Even before you were elected President, we already knew that you had this deep-seated hate for women. Yes, you would often say that you love women so much that you are seldom monogamous. You brag that you have two wives and other “spare tires,” even claiming that to be the norm for lawyers and politicians. But, you see, womanizing is one of the most fundamental signs that you have virtually no respect for women.
During the campaign, you gleefully claimed that when you were younger, you used to molest your housemaid in her sleep. You boasted that you did not give in to your girlfriend’s request for a car since you would only enjoy a “short time” with her. To defend womanizing, you said that it simply couldn’t be helped as “there are so many women and so short a time in this world.” You’ve also repeatedly displayed how you would make some of your female supporters sit on your lap and kiss them on the lips for everyone to see. (Just recently, you kissed a female OFW onstage during a meeting with the Filipino community in South Korea. On the lips!) Your most tasteless, most insensitive and cruelest joke came, however, when you said that the death of Australian missionary Jacqueline Hamill was such a waste because she was so beautiful, you should have been first in the line of those who gang-raped her. That “joke” made you an international sensation, albeit infamously.
Your supporters are always too eager and too quick to defend you, though. According to them, they elected a president — neither a priest nor a saint. You’re really one lucky devil, Digongmylabs, as far as the blind loyalty of your minions is concerned.
During a press conference shortly after your inauguration, you catcalled Mariz Umali, a local female reporter. Immediately after that, your apologists came up with an unacceptable explanation that catcalling is actually a compliment and is part of one’s freedom of expression. That was why, during your next press conference, another fearless female reporter, Pia Ranada-Robles, felt the need to cite “Section 8 of the Women Development Code of Davao City which states that ““cursing, whistling or calling a woman in public with words having dirty connotations or implications which tend to ridicule, humiliate or embarrass the woman” is a form of sexual harassment.” That city ordinance was enacted by none other than you, Digongmylabs, in 1997 when you were still the Mayor of Davao.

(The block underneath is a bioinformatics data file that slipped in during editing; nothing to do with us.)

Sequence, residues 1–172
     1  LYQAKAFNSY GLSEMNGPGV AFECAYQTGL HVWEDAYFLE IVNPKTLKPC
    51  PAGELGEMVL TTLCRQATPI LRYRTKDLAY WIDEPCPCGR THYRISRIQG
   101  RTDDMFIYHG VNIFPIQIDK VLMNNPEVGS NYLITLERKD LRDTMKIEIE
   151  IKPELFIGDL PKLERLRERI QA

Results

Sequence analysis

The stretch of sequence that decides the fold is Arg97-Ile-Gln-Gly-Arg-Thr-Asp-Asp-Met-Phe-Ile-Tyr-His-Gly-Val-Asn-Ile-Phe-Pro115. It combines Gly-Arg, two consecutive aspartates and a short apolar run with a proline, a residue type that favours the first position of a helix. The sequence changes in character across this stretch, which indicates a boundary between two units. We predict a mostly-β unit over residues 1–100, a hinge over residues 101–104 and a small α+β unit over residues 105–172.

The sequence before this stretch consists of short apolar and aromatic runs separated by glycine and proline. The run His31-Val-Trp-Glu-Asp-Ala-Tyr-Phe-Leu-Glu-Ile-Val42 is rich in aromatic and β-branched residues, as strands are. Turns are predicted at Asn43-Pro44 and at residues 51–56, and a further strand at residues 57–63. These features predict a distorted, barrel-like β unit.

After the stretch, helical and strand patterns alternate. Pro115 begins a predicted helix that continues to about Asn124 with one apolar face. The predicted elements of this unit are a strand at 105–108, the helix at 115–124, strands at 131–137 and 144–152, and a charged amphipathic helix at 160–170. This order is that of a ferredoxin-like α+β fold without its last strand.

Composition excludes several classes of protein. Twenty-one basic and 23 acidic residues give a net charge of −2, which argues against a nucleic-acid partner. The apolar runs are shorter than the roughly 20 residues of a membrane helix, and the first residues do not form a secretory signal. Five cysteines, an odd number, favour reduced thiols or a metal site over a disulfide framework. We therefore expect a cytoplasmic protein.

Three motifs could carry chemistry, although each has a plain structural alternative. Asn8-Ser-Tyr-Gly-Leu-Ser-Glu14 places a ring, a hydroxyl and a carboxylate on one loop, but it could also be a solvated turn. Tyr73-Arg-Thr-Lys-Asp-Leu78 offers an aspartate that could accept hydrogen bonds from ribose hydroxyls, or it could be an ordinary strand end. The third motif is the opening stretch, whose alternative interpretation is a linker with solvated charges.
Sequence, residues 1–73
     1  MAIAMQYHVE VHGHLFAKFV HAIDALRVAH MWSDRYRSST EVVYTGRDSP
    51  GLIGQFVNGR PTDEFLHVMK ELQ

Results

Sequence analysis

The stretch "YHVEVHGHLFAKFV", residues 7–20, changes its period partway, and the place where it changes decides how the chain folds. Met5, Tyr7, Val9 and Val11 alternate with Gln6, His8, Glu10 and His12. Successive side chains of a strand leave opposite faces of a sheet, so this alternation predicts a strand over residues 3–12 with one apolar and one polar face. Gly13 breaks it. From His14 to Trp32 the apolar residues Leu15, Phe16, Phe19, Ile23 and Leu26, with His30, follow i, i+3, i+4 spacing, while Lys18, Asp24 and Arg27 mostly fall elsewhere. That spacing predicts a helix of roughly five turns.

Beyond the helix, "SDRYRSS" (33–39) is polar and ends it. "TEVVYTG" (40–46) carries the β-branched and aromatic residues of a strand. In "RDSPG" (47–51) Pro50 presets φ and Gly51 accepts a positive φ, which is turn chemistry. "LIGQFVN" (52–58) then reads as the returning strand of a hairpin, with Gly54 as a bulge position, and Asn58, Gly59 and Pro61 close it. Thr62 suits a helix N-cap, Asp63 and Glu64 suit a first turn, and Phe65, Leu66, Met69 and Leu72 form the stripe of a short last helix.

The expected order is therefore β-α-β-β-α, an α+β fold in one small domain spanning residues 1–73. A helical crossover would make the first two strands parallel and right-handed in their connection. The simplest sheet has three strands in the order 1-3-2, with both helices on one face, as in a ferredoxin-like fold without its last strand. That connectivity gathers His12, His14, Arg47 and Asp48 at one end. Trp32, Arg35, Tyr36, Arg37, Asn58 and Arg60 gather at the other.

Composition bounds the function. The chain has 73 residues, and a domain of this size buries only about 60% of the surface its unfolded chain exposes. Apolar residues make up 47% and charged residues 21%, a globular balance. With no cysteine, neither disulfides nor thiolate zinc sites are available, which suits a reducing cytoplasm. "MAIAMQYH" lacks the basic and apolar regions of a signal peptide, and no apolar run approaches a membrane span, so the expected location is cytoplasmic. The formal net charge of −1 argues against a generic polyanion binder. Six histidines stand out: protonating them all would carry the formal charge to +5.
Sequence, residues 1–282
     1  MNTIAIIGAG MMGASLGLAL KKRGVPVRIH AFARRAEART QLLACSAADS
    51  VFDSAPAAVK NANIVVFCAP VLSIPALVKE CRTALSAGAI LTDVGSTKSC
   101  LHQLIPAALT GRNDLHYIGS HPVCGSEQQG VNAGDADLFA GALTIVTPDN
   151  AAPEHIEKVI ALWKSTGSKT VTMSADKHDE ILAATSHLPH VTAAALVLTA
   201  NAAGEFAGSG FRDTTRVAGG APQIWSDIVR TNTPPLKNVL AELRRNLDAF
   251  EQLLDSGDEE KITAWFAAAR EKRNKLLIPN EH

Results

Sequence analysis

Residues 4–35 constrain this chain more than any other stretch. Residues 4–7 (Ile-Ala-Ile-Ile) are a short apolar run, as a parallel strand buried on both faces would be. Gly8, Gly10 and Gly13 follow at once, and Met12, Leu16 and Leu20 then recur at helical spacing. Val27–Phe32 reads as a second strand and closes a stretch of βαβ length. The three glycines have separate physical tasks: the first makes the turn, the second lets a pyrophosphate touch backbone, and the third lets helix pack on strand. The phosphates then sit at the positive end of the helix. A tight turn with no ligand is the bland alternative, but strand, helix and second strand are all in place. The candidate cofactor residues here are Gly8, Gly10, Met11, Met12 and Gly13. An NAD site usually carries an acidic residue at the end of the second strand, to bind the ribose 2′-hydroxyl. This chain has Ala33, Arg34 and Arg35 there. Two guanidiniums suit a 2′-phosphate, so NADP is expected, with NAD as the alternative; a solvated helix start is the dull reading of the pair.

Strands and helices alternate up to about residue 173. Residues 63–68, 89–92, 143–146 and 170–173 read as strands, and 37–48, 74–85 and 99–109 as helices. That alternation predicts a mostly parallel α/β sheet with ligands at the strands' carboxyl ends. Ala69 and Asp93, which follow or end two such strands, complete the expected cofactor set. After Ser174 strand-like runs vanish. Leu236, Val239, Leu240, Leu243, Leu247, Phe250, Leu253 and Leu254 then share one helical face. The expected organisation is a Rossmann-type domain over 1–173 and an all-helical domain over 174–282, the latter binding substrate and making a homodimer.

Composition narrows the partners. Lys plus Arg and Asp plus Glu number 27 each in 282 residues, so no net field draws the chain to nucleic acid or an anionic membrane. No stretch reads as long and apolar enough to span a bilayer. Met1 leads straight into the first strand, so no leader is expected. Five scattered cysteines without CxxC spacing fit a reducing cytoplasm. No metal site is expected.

During the anniversary of Supertyphoon Yolanda and in front of hundreds of the typhoon’s survivors, you admitted to ogling at VP Leni’s knees during your cabinet meetings. That wasn’t the only time that you made her the butt of your sexually charged jokes as you believed that making those jokes during speeches were necessary to make your audience laugh. Speaking of Typhoon Yolanda, do you remember what you said? You said that you wished only the ugly had died during that calamity and that the beautiful ones were spared.
Digongmylabs, that one right there came dangerously close to your Australian missionary rape joke as far as callousness was concerned.
The first victim of political persecution under your administration is Sen. De Lima. On national TV, before you had her thrown in jail due to trumped-up charges, you would relentlessly slut-shame her, even referring to her as an X-rated actress a number of times. You gossiped about a sex video that you alleged she had with her ex-lover, threatened to have that shown in public, and used that to ridicule her interminably. You even joked that you would show that video to Pope Francis when you heard that he sent Sen. De Lima a rosary in prison. You already got yourself into trouble once for previous rude remarks about the Pope and, yet, you were at it again. You just never learn, do you, Digongmylabs?